I think like many college-bound high school students the concept of any grade lower than a C is very foreign. In fact even a B was rather uncommon. However, as I began college, I realized that the ease of high school classes were a thing of the past. No longer could I breeze through it, or study for exams exclusively the night before; I had to work hard for my As and even my Bs.
Now I’m not saying this to scare anyone out of engineering degrees, in fact quite the opposite. The objective truth is that engineering is a hard major, and you’re not alone. No one is breezing through this degree. Even the people you view as the smartest in your classes still have to work hard to understand and do well.
From my personal experience, I did struggle at first. Classes were taught by incredibly intelligent professors, however they had difficulty dumbing the material down to a student level. The averages on the exams were no longer As and Bs, but instead Cs and Ds. (Looking back, it’s quite amusing how I breathe a sigh of relief to see a D, as long as I’m meeting the class average.) The workload for each class increased as well. Juggling history and writing with engineering and calculus required me to juggle the use of the left versus right side of my brain.
And the biggest change of all, you’re in college! You became independent: free of parents, making life-long friends, and enjoying the freedom to make your own decisions. And in this flurry of expanding your social sphere and capitalizing on the college experience, sometimes your classes can take a backseat. And I’ll be perfectly honest, this happened to me at the beginning of college. And as a result my grades did suffer. By the end of my freshman year, I had a 3.1 GPA. To my still high-school oriented brain, I thought this to be absolutely dismal.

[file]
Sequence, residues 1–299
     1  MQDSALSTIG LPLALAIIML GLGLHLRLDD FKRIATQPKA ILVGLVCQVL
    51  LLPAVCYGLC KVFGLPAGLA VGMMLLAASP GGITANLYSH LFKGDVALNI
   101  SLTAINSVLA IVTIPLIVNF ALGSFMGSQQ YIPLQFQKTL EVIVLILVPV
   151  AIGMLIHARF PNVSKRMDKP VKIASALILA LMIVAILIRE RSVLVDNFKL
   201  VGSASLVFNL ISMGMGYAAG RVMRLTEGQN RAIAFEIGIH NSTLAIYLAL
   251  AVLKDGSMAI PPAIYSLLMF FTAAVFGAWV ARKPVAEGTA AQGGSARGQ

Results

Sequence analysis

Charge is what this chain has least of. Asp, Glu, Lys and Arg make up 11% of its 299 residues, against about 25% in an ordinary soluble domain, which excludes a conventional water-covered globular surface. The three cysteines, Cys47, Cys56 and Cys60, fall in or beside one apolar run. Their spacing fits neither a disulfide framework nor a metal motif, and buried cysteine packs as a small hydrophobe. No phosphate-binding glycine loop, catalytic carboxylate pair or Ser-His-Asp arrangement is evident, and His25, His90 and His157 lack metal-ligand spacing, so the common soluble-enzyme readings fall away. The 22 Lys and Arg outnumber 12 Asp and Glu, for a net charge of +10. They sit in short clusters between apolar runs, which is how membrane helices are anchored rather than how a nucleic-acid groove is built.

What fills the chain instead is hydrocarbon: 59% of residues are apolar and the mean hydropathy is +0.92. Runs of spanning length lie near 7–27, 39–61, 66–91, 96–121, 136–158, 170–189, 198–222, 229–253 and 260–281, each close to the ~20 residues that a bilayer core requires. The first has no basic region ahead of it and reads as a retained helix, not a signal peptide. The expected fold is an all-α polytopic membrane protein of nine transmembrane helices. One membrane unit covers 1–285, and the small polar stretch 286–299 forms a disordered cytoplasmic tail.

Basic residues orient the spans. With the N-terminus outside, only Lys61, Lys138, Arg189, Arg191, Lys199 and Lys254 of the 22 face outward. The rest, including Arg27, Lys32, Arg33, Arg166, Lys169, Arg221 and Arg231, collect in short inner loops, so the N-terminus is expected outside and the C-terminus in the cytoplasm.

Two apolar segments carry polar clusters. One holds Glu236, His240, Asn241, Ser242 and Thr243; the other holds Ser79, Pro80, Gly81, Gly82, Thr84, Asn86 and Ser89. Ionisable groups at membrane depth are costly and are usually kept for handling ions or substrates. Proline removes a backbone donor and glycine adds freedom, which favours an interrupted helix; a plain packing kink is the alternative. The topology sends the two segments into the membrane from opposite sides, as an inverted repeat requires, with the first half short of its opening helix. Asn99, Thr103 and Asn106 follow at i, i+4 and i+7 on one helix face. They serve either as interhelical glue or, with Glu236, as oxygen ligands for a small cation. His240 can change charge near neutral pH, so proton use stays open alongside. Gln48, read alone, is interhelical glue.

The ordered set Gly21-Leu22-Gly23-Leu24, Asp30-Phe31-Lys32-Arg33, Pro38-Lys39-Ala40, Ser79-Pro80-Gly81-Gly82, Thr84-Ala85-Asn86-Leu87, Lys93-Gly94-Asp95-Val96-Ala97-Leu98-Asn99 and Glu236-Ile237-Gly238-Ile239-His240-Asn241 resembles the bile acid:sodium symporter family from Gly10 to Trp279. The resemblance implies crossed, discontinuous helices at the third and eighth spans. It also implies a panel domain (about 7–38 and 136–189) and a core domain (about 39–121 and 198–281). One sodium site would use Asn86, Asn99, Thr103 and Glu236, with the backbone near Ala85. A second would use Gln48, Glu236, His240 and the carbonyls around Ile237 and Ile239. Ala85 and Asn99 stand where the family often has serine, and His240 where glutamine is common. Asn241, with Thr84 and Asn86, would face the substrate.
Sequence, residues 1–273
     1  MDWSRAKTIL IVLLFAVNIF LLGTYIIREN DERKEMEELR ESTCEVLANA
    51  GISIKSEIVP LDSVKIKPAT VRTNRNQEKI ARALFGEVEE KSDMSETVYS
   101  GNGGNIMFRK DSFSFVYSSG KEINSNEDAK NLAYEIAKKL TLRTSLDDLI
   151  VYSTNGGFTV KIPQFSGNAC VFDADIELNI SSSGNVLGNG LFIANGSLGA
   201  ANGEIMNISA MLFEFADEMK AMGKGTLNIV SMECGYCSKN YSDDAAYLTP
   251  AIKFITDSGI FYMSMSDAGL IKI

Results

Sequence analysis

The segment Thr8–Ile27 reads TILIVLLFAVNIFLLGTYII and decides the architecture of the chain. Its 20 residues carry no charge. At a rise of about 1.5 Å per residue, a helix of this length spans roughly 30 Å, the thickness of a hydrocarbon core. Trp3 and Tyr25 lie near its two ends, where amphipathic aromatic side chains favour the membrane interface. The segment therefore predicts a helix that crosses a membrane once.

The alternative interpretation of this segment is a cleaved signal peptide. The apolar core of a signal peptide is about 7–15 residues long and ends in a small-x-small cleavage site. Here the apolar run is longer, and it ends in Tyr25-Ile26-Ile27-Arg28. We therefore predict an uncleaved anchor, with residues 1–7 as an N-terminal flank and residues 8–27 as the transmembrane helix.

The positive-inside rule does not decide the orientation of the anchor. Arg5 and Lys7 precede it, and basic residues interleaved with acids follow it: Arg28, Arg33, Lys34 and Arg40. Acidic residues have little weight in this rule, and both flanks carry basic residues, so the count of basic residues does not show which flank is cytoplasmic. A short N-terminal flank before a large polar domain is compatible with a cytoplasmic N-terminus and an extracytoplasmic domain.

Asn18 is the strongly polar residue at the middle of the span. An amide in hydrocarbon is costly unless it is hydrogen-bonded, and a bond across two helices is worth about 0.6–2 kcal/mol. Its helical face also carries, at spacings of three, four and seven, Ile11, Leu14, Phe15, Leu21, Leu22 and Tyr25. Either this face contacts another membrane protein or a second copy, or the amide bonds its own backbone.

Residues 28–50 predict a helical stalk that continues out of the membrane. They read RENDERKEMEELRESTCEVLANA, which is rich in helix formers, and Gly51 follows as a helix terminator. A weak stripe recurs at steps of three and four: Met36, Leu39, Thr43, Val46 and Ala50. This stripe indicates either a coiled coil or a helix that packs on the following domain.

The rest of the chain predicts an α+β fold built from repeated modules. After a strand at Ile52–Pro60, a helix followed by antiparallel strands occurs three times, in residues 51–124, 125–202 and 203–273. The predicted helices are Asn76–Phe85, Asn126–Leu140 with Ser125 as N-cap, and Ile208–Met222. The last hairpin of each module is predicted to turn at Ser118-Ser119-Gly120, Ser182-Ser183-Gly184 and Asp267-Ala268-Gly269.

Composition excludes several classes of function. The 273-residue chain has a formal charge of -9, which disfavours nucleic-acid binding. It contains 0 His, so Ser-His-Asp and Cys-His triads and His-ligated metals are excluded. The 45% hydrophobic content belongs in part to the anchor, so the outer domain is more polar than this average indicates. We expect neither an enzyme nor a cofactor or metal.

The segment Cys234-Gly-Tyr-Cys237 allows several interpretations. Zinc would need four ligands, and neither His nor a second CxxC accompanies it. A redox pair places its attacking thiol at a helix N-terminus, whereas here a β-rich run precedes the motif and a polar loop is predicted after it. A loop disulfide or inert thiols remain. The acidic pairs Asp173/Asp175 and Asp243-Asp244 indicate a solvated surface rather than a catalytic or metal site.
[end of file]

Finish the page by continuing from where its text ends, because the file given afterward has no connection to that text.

But now I’m going to look back from the perspective as a Senior, as a more mature and optimistic person. I realized these classes were no joke, if I wanted to do well in my classes, I had to work for it. However as I started doing better, I realized that the GPA was not the satisfying part of doing well. Ultimately, it is the feeling of understanding your classes and knowing you are leaving college ready to take on an engineering career. Take this advice with a grain of salt, but your GPA does not define you as a person. These classes are tough, and frankly some will not click, as some didn’t for me. But understanding your classes, and finding passion within them will be a more enriching experience, and ultimately the GPA will follow. I can say that now as a Senior, I was able to pull my GPA from a 3.1 to a 3.56, and therefore will graduate with Cum Laude honors! And to everyone starting out as an engineering student I want to say, it is okay to struggle and know you are definitely not the first. Enjoy the experience college has to offer and simply try your best!